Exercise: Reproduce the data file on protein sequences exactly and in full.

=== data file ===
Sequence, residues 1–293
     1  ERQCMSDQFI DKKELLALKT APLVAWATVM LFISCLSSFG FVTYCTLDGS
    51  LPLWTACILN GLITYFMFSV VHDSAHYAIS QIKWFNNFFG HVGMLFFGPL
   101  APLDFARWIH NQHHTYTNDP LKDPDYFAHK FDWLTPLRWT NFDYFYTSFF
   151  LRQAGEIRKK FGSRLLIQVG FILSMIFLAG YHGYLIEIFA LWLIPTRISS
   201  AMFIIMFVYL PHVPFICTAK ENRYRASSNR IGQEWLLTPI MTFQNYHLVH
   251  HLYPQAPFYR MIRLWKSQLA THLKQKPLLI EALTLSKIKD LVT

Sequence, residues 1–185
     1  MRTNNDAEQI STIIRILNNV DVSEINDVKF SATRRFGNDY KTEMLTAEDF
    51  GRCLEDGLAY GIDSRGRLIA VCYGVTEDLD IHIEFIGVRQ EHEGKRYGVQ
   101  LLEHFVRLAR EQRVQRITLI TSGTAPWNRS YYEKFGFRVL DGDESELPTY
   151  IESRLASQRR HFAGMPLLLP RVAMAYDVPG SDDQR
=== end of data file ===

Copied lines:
Sequence, residues 1–293
     1  ERQCMSDQFI DKKELLALKT APLVAWATVM LFISCLSSFG FVTYCTLDGS
    51  LPLWTACILN GLITYFMFSV VHDSAHYAIS QIKWFNNFFG HVGMLFFGPL
   101  APLDFARWIH NQHHTYTNDP LKDPDYFAHK FDWLTPLRWT NFDYFYTSFF
   151  LRQAGEIRKK FGSRLLIQVG FILSMIFLAG YHGYLIEIFA LWLIPTRISS
   201  AMFIIMFVYL PHVPFICTAK ENRYRASSNR IGQEWLLTPI MTFQNYHLVH
   251  HLYPQAPFYR MIRLWKSQLA THLKQKPLLI EALTLSKIKD LVT

Sequence, residues 1–185
     1  MRTNNDAEQI STIIRILNNV DVSEINDVKF SATRRFGNDY KTEMLTAEDF
    51  GRCLEDGLAY GIDSRGRLIA VCYGVTEDLD IHIEFIGVRQ EHEGKRYGVQ
   101  LLEHFVRLAR EQRVQRITLI TSGTAPWNRS YYEKFGFRVL DGDESELPTY
   151  IESRLASQRR HFAGMPLLLP RVAMAYDVPG SDDQR